2. For more pressure, you obviously add more powder. But you risk hyper expanding skirts in a pure lead hollow base casting, and you risk some very weird or erratic flight characteristics if you are using simple patched round ball. Round ball isnt very accurate at high velocities.

3. Adding some alloy to the crucible can create harder lead, and less skirt expansion at higher pressures. Accuracy is held in place for a little bit longer distance accordingly.

4. Patched soft-lead round ball can be distorted by the rammer at loading. Accuracy suffers. Harder round ball casting will resist distorting the face of the ball on loading, and the patch is the only thing contacting the barrell anyway.

Please give me your thoughts on this.

Gator Weiss
September 18, 2010, 07:40 AM
Denster, Lee molds are great. I agree with you. They are affordable and well machined. They throw a good cast once you get the hang of it and get the heat right.

I was looking over the Cabella's website on molds. I have bought molds there. Someone posting comments on the website was citing some negative things about using Lee molds. He said he would never buy another Lee product because of the quality of their molds. I have never gotten a bad Lee product. Apparently he liked steel molds.

What is the difference in the casting? A casting is a casting, whether it comes from aluminum or steel. At least, that is how I kind of see it.

Is there any real advantage worth spending a hundred bucks on a steel mold?

September 18, 2010, 08:12 AM
Gator. I don't have anything bad to say about Lee molds. I cut my casting teeth on Lyman molds years ago they were also good just more difficult to use. As long as you follow the directions with the Lee molds they will give you long and excellent service. They do need lubed and the cavity smoked as per the instructions and they will loose heat quicker as Doc stated if you pause in casting but can be brought back to heat much quicker than steel. Most complaints I've seen are from people who don't read instructions don't lube the molds and then gall the blocs then blame Lee for their ignorance.

Doc Hoy
September 18, 2010, 08:44 AM

September 18, 2010, 09:34 AM
Gator Weiss, you flatter me, thank you. I have been deeply involved in the ML game since 1970.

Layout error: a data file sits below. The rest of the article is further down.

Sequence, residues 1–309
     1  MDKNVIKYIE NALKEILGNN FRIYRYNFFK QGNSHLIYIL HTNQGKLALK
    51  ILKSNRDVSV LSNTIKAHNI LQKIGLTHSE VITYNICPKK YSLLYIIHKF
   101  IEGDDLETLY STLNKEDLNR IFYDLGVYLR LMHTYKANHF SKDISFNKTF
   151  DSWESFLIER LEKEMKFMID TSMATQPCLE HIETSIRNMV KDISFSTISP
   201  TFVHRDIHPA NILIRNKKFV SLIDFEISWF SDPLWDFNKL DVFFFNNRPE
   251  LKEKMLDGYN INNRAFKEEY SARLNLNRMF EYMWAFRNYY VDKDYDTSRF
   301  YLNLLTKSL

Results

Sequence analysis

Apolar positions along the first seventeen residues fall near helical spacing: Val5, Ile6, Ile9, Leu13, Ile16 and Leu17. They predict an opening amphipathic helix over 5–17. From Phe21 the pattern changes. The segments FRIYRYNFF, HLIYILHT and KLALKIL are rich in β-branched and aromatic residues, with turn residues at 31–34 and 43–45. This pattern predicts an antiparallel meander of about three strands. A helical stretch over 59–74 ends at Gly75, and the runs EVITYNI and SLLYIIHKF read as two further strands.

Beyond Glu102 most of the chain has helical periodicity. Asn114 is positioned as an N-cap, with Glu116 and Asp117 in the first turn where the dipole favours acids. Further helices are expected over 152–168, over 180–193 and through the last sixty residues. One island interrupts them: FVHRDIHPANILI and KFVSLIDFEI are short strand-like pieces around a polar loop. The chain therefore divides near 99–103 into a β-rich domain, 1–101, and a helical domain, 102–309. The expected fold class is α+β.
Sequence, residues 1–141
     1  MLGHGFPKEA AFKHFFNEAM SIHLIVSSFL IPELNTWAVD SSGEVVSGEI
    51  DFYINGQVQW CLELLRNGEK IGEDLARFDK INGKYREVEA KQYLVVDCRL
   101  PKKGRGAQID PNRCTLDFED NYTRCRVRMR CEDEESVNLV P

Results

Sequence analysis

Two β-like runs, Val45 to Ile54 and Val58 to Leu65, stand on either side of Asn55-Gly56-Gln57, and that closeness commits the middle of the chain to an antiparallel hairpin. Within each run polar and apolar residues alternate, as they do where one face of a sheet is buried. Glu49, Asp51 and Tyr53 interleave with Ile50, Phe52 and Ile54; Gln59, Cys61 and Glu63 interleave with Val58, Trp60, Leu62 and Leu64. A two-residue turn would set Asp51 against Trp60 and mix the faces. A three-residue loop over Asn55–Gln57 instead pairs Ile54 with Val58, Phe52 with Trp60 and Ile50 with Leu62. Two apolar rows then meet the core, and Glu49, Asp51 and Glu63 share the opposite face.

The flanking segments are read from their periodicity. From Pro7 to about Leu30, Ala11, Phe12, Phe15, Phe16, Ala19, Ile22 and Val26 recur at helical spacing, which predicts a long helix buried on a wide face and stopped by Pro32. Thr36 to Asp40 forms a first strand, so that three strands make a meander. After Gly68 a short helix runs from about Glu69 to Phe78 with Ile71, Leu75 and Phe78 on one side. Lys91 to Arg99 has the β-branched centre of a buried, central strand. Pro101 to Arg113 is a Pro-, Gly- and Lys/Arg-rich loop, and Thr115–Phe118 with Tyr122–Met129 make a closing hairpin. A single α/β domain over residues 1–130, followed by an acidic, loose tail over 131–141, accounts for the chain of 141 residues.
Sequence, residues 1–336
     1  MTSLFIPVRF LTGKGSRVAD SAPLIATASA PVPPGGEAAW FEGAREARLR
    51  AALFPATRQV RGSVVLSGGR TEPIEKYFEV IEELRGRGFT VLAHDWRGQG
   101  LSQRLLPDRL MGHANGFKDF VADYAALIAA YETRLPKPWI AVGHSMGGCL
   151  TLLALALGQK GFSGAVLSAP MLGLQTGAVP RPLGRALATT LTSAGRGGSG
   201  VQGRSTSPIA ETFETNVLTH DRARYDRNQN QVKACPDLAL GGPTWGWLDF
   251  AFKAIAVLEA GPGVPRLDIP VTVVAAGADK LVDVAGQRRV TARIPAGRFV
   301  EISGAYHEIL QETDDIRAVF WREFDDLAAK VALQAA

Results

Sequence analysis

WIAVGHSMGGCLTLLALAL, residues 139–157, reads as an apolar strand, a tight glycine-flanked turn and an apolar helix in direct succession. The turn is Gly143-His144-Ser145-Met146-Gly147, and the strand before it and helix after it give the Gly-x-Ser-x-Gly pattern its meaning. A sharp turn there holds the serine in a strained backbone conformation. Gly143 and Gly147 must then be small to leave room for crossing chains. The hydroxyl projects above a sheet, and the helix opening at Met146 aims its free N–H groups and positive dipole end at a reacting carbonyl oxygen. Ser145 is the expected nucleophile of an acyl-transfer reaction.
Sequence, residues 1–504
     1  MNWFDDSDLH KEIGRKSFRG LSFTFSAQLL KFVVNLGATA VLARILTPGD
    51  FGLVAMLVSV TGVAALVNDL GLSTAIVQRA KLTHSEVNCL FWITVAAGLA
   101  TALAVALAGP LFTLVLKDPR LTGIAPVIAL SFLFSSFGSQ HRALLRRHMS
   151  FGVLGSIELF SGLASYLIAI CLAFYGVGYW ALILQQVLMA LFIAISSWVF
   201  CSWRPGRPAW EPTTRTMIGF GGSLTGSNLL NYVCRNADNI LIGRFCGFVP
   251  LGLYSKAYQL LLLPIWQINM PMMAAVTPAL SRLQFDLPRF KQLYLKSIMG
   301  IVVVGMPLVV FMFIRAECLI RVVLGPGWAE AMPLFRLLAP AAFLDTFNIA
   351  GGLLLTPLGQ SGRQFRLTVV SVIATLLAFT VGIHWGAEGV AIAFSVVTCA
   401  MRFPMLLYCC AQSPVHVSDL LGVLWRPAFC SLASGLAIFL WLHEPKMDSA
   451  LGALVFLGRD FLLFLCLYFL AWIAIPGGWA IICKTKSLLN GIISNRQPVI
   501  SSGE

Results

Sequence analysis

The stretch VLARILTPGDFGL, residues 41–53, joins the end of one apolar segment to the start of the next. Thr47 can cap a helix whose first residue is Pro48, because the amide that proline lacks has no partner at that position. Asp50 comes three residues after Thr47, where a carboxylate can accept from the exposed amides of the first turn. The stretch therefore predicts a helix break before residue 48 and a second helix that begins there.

My experience with the CW style rifled muskets is limited. But, I have known (past-tense, many are dead now) many of the top shooters with them. I can tell you this: there are fewer shooting disciplines where the participants experiment more than with those muskets/minies/powders/lead alloys/chants and incantations, etc.
I will say this, most, if not all who are going for accuracy, end up with the tried and true powder charges. Going hell bent for big bang gains nothing except smoke and recoil. (remember the CW rifle musket was designed to INCREASE felt recoil so the guys in battle would know when their gun when off) Most experimenting revolves around bullet style. I believe the most popular usually ends up with original style.
Understand, a .58 cal. very heavy bullet hitting a living target is a very formidable thing. Shooting the normal charges in the 50-60 gr. range is deadly plenty enough. By trying to go to 90 gr. or whatever you are leaving the world of traditional shooting and entering into a realm of problems. That is not what the CW rifled musket was designed for.
If you want a big bore, big banger, get, or have a good builder build you something like that. A custom Hawken in .58/.60 cal would be fine with the right twist and such. I have seen some up to a full 1.0" bore. With a good barrel and proper build you can stoke them up (almost) as full as you want.
I shoot a .54 Jaeger with 75 gr., patched round ball. And, I can tell you, going over that makes for very uncomfortable recoil even with the rifle weighing more than 10 pounds.
My bottom line advice is to go with what works for you if it is safe. Also examine what you want to do. If you want an elephant gun, build or buy one that loads from the back end. If you want to enjoy old guns in the traditional way. Then do it in the traditional way.

edit: hope this helps

September 18, 2010, 10:19 AM
I've been shooting bp and casting bullets since 1969. I started with a Lee mold and I still have it. I have some others but most of them are Lee. I mostly use others when Lee doesn't offer a particular configuration.

September 18, 2010, 10:23 AM
Gator. If you are interested in using minis over huge charges of powder. Google "Val Forgett Africa" for some interestingt reading. Val was the founder of Navy Arms and back in the 80's took Africa's big five and lesser game with Italian built guns he designed and sold as the Buffalo Hunter and Hawken Hunter and Hawken Hurricain. These used the Lyman 577611 mini and a mini that used to be produced by Shilo called the "stakebuster" that I believe was 610gr. These were shot over charges in excess of 200gr of 2F and I would imagine killed on both ends.

September 18, 2010, 11:21 AM
I use 70 grs. of Pyrodex under a traditional Lyman minie with devastating results.
The original C.S. charge was 65 grs. U.S. charge was 60 grs. However I use 120 grs. and a prb out of my .54 Hawken, go figure.:D

Doc Hoy
September 18, 2010, 02:09 PM
....I just came back from our mechanic with a half of a five gallon bucket of wheel weights. About eighty pounds in metal, some of which I am sure is not lead.

September 18, 2010, 03:04 PM
some of which I am sure is not lead.